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Network Time Protocol
The Network Time Protocol (NTP) is a networking protocol for clock synchronization between computer systems over packet-switched, variable-latency data networks. In operation since before 1985, NTP is one of the oldest Internet protocols in current use. NTP was designed by David L. Mills of the University of Delaware. NTP is intended to synchronize all participating computers to within a few milliseconds of Coordinated Universal Time (UTC).[1]:3 It uses the intersection algorithm, a modified version of Marzullo's algorithm, to select accurate time servers and is designed to mitigate the effects of variable network latency. NTP can usually maintain time to within tens of milliseconds over the public Internet, and can achieve better than one millisecond accuracy in local area networks under ideal conditions
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Clock Synchronization
Clock synchronization is a topic in computer science and engineering that aims to coordinate otherwise independent clocks. Even when initially set accurately, real clocks will differ after some amount of time due to clock drift, caused by clocks counting time at slightly different rates. There are several problems that occur as a result of clock rate differences and several solutions, some being more appropriate than others in certain contexts.[1] In serial communication, clock synchronization can refer to clock recovery which achieves frequency synchronization, as opposed to full phase synchronization. Such clock synchronization is used in synchronization in telecommunications and automatic baud rate detection.[2] Plesiochronous or isochronous operation refers to a system with frequency synchronization and loose constraints on phase synchronization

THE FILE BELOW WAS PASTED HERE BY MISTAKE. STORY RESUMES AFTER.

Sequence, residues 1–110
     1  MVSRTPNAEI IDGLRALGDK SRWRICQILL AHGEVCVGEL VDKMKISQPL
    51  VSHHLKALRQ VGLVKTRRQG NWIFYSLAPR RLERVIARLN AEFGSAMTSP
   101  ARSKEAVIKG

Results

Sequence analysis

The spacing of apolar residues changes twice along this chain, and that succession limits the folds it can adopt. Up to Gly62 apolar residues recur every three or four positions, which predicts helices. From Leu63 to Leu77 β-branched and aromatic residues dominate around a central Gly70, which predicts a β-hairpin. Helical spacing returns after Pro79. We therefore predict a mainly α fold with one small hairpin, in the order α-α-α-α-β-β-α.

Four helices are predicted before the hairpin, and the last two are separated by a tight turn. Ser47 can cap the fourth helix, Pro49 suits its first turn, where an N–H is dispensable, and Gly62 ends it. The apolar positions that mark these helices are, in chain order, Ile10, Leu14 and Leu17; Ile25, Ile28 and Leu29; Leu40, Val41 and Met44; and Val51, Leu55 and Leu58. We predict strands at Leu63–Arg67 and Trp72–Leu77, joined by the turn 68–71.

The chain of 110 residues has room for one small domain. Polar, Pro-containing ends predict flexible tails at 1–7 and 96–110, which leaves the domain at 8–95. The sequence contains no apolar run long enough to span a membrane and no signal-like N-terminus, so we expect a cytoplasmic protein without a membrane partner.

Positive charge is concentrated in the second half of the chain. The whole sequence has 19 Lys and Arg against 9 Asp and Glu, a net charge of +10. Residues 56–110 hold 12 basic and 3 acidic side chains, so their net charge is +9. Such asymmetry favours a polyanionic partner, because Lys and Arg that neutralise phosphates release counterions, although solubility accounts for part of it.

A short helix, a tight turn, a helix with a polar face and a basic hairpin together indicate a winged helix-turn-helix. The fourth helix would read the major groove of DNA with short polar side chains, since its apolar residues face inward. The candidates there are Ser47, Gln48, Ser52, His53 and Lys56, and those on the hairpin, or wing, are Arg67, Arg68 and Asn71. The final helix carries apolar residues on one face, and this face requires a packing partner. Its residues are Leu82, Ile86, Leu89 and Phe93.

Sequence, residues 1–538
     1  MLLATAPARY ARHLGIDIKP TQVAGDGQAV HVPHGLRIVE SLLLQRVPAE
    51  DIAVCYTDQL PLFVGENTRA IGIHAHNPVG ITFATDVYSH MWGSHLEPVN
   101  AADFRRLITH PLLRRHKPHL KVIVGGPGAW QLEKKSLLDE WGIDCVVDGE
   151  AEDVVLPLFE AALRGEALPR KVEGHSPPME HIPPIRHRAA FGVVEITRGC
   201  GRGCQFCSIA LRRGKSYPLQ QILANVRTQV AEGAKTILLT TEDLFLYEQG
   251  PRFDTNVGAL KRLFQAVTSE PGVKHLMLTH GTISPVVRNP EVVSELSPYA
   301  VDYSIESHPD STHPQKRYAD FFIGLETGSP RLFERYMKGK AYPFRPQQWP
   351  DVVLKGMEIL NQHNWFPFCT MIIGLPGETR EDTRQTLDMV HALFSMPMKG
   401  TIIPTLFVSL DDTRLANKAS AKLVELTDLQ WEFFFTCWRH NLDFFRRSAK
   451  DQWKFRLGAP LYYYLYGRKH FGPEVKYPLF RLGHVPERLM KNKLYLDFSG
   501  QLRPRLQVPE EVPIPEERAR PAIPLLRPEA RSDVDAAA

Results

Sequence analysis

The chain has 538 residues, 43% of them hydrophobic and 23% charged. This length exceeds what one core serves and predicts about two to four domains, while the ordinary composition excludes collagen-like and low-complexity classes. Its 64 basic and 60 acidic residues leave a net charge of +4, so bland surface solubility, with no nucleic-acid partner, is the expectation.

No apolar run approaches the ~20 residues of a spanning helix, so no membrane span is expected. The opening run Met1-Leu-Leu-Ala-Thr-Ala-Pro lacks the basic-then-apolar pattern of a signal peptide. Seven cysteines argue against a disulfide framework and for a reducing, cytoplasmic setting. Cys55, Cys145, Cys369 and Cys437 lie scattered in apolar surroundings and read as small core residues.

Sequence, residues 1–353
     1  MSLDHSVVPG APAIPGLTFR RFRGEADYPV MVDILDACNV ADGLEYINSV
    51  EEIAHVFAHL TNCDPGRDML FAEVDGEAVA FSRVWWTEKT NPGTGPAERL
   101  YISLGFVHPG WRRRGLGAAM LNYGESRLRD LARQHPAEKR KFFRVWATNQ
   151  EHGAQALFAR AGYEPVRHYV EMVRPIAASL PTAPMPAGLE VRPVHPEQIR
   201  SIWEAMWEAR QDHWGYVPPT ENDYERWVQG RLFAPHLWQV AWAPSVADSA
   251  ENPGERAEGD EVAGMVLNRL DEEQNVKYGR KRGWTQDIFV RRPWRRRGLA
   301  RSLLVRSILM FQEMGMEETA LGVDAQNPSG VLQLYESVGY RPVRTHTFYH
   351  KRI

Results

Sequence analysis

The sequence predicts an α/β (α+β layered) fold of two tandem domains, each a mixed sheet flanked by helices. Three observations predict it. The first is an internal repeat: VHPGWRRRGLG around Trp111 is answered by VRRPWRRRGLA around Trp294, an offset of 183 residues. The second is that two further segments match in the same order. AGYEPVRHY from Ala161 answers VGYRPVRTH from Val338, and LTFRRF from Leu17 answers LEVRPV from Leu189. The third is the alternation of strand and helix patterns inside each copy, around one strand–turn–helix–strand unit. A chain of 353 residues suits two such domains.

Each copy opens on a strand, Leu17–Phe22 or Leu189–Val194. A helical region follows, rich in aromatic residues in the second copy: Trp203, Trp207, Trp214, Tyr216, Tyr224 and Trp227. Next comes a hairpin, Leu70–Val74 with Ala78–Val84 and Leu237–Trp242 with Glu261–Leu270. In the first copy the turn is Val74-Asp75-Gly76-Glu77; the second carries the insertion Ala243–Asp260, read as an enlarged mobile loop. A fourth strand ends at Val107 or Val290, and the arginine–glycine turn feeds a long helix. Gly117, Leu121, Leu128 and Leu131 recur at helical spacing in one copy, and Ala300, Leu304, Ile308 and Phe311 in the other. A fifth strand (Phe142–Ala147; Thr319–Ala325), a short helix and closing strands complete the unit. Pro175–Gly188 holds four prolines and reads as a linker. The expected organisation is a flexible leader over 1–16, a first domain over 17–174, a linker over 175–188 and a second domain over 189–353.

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Film Stock
Film stock is an analog medium that is used for recording motion pictures or animation. It is recorded on by a movie camera, developed, edited, and projected onto a screen using a movie projector. It is a strip or sheet of transparent plastic film base coated on one side with a gelatin emulsion containing microscopically small light-sensitive silver halide crystals. The sizes and other characteristics of the crystals determine the sensitivity, contrast and resolution of the film.[1] The emulsion will gradually darken if left exposed to light, but the process is too slow and incomplete to be of any practical use. Instead, a very short exposure to the image formed by a camera lens is used to produce only a very slight chemical change, proportional to the amount of light absorbed by each crystal. This creates an invisible latent image in the emulsion, which can be chemically developed into a visible photograph
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